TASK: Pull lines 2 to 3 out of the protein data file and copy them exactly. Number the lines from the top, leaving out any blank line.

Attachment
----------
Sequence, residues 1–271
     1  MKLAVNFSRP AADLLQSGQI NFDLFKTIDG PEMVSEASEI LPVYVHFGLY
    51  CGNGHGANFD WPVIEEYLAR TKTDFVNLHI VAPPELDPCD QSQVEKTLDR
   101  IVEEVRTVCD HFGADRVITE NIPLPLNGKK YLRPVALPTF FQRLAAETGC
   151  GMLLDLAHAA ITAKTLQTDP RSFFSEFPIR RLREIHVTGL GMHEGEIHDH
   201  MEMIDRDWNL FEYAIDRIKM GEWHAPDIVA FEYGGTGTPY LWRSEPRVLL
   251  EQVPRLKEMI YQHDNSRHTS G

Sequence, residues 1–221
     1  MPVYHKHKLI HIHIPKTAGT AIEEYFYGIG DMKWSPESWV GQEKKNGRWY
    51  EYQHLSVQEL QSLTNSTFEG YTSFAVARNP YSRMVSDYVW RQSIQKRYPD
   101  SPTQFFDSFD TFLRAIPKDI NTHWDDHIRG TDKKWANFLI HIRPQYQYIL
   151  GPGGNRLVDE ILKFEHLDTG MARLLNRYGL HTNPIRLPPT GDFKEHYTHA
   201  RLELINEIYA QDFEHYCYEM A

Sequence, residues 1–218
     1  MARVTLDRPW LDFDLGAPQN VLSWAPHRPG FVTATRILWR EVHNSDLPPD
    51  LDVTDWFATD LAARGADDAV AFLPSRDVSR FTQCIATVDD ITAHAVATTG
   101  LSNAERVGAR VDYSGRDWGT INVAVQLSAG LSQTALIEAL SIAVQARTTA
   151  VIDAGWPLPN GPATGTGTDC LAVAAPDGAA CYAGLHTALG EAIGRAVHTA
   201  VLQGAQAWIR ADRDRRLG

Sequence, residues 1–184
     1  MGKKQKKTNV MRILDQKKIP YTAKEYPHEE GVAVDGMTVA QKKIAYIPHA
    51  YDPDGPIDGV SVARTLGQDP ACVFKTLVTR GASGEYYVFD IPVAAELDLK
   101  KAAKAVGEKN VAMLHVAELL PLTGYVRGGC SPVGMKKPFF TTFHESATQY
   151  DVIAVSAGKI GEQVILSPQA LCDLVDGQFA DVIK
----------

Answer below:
     1  MKLAVNFSRP AADLLQSGQI NFDLFKTIDG PEMVSEASEI LPVYVHFGLY
    51  CGNGHGANFD WPVIEEYLAR TKTDFVNLHI VAPPELDPCD QSQVEKTLDR